Marianas Variety

Last updateTue, 27 Aug 2019 12am







    Monday, August 26, 2019-8:56:40P.M.






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Fertility clinic seeks surrogate mothers

PACIFIC Fertility Institute-Saipan, located at Marianas Heights I in Lower Base, is looking for women between 21 and 40 years old who have had at least one natural child birth and are interested to be a surrogate for couples who want to have a child.

The compensation for qualified women ranges from $25,000 to $35,000.

In an interview, Karen Buettner, Pacific Fertility Institute-Saipan manager, said the clinic opened in 2013 and has been offering different services, including in vitro fertilization, intrauterine insemination, intracytoplasmic sperm injection, assisted hatching, embryo freezing and storage, sperm freezing and storage, semen analysis, surrogacy and pre-genetic screening.

She said their surrogacy program started in 2015, and since then, they have about 30 live births under surrogacy process.

“When I saw ladies coming from the U.S. who were paid to be a surrogate, I thought why not put money into the hands of the local women here as well? Why can’t that be an option for them?” she added.

She started making inquiries in 2014. She said she consulted with lawyers to make sure that the surrogates would have legal representation and are advised of their rights.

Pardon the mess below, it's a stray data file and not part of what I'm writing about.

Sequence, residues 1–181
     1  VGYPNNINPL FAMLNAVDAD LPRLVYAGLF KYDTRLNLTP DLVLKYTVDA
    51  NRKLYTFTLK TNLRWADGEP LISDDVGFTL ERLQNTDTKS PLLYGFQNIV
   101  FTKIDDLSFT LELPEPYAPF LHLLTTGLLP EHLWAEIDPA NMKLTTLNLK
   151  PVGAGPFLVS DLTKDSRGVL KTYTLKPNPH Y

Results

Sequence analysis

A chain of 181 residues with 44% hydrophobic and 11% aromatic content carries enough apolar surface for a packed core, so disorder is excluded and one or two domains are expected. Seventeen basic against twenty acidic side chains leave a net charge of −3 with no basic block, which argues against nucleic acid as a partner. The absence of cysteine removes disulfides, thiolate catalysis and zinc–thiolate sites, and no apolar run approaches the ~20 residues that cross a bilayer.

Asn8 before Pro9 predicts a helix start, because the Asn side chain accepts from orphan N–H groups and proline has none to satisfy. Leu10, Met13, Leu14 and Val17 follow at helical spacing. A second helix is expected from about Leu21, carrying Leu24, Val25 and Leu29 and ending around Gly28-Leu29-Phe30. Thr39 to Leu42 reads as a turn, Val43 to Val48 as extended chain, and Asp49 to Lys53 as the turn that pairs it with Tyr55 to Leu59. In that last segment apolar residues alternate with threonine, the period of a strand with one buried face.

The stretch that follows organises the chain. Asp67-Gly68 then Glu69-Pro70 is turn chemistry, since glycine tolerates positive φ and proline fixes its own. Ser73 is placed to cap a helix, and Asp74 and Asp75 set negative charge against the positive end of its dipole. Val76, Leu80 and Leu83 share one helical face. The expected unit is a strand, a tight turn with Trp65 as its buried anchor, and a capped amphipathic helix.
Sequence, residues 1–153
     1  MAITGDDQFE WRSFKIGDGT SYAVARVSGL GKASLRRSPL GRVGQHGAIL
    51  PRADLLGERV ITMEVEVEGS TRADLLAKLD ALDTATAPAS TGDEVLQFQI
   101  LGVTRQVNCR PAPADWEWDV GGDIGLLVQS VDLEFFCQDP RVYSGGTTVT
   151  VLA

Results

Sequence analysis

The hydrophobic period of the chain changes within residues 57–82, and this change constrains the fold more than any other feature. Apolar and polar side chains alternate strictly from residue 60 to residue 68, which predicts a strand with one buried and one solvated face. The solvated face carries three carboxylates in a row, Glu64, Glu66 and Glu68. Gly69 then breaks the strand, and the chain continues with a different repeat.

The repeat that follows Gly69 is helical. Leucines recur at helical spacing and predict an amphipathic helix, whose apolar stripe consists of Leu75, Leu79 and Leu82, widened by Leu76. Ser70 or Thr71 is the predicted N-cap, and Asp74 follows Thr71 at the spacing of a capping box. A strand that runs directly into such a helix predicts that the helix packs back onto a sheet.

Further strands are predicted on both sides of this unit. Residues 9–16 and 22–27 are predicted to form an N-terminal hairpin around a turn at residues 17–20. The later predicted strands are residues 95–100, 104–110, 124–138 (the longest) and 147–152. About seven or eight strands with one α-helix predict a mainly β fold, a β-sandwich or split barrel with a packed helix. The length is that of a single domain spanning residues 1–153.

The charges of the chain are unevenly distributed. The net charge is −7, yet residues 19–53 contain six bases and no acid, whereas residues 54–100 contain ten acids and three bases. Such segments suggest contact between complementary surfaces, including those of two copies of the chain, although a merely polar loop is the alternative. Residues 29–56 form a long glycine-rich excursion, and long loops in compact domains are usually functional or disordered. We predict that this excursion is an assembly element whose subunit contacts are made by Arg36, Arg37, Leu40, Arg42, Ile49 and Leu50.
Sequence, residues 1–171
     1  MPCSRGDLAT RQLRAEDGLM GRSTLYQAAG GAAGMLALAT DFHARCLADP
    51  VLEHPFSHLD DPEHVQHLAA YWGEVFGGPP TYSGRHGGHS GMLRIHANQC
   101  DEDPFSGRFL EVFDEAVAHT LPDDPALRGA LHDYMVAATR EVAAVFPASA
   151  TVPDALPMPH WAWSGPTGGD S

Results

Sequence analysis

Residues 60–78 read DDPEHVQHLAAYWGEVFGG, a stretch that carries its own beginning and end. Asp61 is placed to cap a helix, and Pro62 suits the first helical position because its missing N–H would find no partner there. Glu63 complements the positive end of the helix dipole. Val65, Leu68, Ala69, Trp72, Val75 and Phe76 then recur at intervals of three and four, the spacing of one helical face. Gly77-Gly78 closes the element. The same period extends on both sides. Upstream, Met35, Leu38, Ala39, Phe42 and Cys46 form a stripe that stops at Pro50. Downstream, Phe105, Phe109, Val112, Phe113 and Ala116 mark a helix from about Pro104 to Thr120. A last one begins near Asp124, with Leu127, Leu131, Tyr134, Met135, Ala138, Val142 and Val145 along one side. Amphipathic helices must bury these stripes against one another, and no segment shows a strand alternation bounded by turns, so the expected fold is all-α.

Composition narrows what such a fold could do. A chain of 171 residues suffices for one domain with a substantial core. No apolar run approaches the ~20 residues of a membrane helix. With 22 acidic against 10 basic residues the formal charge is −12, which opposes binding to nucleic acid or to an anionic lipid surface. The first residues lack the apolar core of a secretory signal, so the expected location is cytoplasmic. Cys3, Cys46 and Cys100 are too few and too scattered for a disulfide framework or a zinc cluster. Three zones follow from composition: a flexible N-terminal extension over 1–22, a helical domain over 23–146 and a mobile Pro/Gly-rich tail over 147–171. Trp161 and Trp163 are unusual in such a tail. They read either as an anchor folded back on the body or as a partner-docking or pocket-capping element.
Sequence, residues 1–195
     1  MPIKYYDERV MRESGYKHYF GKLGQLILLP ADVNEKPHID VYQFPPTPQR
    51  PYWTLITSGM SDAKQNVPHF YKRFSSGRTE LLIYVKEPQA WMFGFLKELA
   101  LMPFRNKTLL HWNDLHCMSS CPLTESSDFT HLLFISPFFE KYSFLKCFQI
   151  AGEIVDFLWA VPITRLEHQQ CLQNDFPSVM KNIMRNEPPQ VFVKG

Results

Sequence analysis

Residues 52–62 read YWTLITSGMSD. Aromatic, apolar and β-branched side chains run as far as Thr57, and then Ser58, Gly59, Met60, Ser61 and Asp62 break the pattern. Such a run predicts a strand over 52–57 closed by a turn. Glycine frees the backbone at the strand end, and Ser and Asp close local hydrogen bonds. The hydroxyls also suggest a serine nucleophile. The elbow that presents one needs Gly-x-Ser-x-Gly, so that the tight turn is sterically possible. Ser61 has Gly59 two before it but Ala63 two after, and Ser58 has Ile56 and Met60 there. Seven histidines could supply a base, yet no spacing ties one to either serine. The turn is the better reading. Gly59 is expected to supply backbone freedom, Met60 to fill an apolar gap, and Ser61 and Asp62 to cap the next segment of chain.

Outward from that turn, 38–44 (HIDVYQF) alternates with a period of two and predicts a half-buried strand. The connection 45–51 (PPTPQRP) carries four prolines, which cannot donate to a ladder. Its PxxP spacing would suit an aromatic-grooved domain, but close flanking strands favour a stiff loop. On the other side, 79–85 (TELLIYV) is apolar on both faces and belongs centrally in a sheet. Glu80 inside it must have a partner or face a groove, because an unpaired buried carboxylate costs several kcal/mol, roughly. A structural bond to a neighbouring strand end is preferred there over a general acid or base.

Buettner, who has over 30 years of experience as a registered nurse in women’s health, said several local and Micronesian women have participated in the program. They also have had surrogates from Guam and from the U.S.

To be a surrogate, Buettner said a woman must be a U.S. citizen. She said most couples require that the surrogate can travel to the U.S.

In a separate interview, Sen. Vinnie Sablan said if a woman of Northern Marianas descent would bear a child, “the child would be an NMD.”

He added, “What are the chances that this child, 18 or 21 years later, would come back here and buy property invoking his or her right as a person with NMD lineage?”

According to Buettner, “By definition, you have to have Chamorro or Carolinian blood to be considered NMD. Under the surrogacy program, there is no way the child would get Chamorro blood.”

She said “a gestational surrogate mother is not biologically related to the child as embryos are created within the laboratory using the eggs and sperm of another couple and safely transferred into the uterus of a gestational surrogate mother.”

The baby’s birth certificate will indicate the names of the biological parents — the surrogate mother’s name will not be in the document, she added.

“We work with the court so that the biological parents are the legal parents of the child.”